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Saturday, February 26, 2011

It’s a small, small world

It is interesting to observe how things are becoming increasingly fluid and inter-connected these days as the whole world turns into a big global village.

With the easy connectivity provided by the Internet and 24-hour cable television that broadcast news as they are happening, it is as if people are living next door to each other even if they are actually thousands of miles apart.

With Skype, Facebook, Twitter and other social networking sites, the global village has grown even smaller and there is no stopping the massive integration and coming together of people from all walks of life and from different parts of the world in pursuit of some common goals and interests.

Travelling has also been made easier and more economical with the advent of low-cost carriers.

The rapid globalisation and borderless world we are living in today offers immense opportunities for more changes and advancements to be made in all fronts of the social, economic and political spheres.

The rapid pace at which people are moving and sharing information has certainly heralded greater awareness of things that are happening around us.

And with whistleblower website WikiLeaks, there is definitely a growing demand for greater accountability and transparency in the way governments, business corporations and communities operate. Irrespective of which side one comes from, we are after all one big global community. The people may be separated by physical distance and other differences, but they actually share many similar traits and aspirations - the need to thrive in a good and safe environment.

The rapid globalisation and coming together of people is increasingly evident in the real estate sector. This can be seen in the rising number of cross-border real estate transactions.

It is not unusual to find people owning multiple homes in different cities around the world as they form the growing population of global citizens. But the threat of inflation is spooking many governments in Asia and they are now on red alert to prevent asset bubbles from boiling over within their borders. Who can blame them when there is much liquidity in the system while the second round of quantitative easing in the US is believed to be driving liquidity to the various asset markets and pushing prices upwards. The speed in which this “hot money” flow into and out of countries has the potential to create another economic carnage of immense proportions if left unchecked. Much asset value will be washed out when these money retreat from our shores.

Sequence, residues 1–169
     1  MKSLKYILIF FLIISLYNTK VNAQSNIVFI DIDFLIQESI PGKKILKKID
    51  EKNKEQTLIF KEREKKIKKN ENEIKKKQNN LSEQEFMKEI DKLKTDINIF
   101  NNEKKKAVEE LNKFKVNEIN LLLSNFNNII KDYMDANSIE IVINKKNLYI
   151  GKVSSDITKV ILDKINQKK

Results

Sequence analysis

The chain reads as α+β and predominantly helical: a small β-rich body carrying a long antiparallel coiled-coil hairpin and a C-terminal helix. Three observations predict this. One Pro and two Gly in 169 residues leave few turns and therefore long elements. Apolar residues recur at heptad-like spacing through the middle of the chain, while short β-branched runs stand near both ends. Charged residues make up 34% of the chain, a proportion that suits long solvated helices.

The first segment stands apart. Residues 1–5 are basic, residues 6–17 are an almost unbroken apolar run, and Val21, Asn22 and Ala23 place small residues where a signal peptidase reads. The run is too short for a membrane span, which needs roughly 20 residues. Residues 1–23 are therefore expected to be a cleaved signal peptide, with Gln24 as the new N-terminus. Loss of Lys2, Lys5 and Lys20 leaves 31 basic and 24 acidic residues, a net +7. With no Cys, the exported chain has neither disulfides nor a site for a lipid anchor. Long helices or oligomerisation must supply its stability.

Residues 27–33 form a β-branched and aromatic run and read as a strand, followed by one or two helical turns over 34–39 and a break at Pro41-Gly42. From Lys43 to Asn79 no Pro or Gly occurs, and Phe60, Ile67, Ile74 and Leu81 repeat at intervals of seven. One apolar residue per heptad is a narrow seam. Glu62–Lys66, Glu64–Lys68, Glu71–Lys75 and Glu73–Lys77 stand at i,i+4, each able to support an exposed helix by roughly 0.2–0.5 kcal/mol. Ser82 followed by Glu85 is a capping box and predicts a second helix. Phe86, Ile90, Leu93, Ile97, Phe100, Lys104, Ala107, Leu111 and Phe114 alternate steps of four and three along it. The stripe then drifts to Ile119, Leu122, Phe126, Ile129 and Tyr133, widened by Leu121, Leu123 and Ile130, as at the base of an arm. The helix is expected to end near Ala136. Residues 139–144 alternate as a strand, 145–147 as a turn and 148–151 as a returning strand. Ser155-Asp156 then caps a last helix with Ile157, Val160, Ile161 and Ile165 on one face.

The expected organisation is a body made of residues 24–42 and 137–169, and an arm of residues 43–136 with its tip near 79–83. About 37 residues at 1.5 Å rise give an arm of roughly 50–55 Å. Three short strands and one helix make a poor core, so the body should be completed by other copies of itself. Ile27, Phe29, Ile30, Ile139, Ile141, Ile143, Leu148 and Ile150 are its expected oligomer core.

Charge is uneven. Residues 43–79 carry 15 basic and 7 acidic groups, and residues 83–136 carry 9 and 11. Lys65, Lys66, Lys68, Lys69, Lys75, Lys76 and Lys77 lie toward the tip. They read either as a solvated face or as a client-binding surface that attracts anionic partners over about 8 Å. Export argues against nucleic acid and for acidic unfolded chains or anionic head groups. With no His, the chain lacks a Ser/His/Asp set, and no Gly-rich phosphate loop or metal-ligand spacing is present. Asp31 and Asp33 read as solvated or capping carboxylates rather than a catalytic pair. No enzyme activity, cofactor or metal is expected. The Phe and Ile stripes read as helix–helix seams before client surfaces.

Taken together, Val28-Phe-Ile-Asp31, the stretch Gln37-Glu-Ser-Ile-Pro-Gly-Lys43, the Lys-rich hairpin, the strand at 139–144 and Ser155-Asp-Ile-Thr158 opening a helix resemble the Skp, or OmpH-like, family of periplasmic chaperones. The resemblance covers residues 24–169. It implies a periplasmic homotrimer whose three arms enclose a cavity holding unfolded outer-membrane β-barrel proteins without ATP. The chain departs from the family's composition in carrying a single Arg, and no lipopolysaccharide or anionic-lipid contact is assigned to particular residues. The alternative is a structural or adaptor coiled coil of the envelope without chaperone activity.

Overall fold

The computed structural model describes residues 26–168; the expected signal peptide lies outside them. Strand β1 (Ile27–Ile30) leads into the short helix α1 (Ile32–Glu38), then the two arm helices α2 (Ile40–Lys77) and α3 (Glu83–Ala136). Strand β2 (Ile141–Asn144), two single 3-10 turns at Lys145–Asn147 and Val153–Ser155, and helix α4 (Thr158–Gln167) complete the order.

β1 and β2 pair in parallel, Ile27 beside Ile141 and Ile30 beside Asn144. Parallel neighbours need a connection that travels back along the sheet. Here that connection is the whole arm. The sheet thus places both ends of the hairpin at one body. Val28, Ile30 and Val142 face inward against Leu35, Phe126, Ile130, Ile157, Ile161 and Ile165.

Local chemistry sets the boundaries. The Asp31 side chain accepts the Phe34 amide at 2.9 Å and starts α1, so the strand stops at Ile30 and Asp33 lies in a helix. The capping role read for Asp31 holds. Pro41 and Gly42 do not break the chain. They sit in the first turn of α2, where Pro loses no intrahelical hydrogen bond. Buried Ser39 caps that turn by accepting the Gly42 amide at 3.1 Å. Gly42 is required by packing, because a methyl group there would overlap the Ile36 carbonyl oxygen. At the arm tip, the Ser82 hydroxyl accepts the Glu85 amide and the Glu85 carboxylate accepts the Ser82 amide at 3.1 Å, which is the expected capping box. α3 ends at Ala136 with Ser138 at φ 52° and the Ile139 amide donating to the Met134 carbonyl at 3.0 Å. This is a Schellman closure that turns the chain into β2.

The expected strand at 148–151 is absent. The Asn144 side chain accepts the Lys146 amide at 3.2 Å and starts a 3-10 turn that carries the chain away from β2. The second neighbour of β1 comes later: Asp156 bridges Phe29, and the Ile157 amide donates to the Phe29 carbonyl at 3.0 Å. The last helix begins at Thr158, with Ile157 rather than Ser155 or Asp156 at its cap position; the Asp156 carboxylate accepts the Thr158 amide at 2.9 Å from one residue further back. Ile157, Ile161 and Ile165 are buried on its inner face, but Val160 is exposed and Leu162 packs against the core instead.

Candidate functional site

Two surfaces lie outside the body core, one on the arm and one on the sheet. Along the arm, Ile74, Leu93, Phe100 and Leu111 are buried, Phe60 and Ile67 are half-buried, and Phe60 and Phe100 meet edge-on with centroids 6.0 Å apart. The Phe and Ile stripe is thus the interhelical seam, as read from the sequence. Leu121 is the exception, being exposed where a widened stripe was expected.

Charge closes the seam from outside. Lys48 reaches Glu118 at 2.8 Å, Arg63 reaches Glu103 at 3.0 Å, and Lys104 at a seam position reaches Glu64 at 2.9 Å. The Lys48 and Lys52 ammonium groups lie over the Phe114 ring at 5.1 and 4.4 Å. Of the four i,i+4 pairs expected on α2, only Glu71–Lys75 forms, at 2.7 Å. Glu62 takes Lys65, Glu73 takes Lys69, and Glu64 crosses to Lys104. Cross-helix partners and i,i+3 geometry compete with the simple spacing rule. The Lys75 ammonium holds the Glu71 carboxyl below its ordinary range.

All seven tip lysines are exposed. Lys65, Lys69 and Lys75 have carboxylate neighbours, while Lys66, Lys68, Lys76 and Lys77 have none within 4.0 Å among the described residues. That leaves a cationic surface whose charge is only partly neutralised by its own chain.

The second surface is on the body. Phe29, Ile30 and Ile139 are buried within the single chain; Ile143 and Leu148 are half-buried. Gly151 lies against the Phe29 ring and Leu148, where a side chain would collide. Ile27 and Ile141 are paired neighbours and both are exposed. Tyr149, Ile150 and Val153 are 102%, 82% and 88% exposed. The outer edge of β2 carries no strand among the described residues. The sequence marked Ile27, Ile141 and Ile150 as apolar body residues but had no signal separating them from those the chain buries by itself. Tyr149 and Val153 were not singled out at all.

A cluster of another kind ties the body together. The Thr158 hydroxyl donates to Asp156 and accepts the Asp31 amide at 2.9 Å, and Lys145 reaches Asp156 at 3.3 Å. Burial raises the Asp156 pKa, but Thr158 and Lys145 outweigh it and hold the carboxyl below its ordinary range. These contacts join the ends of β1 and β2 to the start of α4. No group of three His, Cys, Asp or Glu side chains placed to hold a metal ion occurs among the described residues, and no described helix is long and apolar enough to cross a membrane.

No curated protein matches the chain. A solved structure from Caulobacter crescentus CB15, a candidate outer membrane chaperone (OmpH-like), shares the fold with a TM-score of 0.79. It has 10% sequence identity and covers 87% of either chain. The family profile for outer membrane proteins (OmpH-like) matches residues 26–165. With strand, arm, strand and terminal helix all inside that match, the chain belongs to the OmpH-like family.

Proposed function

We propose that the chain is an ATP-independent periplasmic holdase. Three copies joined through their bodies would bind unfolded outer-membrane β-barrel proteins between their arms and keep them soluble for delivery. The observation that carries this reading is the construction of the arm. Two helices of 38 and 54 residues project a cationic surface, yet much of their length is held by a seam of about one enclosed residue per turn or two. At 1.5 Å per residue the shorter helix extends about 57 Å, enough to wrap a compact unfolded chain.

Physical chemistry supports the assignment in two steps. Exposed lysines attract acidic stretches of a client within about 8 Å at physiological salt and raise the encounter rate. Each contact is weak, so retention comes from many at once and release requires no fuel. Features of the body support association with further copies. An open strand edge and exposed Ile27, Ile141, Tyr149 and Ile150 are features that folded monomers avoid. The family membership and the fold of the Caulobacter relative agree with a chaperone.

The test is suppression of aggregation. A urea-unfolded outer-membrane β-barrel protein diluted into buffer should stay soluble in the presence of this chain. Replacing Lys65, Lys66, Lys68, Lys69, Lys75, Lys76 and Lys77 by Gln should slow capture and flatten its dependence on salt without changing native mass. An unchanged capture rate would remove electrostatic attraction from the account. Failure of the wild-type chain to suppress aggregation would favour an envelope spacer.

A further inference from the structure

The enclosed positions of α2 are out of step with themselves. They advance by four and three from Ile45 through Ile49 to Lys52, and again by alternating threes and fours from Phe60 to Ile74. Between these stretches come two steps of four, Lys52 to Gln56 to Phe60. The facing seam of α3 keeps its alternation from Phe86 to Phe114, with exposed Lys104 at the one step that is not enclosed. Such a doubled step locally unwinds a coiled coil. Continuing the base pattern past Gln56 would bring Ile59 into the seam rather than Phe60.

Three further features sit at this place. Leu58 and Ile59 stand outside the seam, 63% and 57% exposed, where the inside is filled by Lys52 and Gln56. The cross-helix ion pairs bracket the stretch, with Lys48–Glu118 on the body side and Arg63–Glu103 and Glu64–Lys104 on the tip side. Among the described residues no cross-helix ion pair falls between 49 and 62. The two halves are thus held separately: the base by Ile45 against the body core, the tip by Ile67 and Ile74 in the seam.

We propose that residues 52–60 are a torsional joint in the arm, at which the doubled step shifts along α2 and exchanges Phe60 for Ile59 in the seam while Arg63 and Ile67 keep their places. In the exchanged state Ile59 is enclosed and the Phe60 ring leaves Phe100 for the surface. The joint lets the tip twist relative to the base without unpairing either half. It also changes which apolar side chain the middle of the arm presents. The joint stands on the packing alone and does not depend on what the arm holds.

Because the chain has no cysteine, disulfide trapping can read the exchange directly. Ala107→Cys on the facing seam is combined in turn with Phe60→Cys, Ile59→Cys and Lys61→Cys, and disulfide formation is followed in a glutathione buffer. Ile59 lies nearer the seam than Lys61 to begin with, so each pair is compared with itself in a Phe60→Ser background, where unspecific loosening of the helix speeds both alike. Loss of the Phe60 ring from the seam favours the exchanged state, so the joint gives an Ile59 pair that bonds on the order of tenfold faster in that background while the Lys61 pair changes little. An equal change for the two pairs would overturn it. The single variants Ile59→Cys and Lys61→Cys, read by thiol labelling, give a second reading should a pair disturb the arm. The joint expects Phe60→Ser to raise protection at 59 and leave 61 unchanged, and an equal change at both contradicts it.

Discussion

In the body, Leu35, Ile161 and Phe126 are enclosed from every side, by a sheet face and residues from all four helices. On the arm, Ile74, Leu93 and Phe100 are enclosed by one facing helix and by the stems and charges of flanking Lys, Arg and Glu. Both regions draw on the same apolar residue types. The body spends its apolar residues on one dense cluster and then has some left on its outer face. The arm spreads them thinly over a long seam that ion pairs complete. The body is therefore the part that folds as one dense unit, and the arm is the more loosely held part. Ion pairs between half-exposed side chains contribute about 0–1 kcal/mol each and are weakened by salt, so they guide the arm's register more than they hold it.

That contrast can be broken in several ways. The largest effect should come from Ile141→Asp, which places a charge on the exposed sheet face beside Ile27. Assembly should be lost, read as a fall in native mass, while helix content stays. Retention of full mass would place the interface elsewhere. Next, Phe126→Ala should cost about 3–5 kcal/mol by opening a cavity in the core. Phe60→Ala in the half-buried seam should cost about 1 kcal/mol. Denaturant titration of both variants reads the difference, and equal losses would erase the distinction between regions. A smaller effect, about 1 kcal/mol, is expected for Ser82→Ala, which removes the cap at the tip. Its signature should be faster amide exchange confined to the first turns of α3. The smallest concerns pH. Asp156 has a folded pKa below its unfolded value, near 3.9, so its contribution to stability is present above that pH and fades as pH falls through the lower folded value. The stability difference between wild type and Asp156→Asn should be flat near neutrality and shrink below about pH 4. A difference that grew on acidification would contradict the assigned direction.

As it is, just at the press of a button, big sums of monies are crossing borders almost every second. While genuine investors should be welcome as they create jobs and contribute to the country's economic growth, those who only want to hype up the value of their assets for their own selfish gains should be reined in.

Locally, inflationary pressures and the inflow of foreign capital have started to drive Malaysia's property prices upwards and there is growing worry that many middle income earners will not be able to buy their own property, especially in the more upmarket and prime areas. They may have to resort to renting instead.

To address this problem, the opening up of Government-owned land for redevelopment should pay more emphasis to more affordably priced homes to enable the less well-to-do to own properties.

The planned township development on the massive Rubber Research Institute land in Sungei Buloh offers a golden opportunity to kick off a well thought out public housing scheme for eligible Klang Valley folks. It can then be used as a workable model for the other states to follow.

After all, the middle and lower income group still make up more than 80% of the local population.

Deputy news editor Angie Ng is convinced there will be more intermigration of people around the world as dictated by Mother Nature and climate changes.

By The Star (by Angie Ng)

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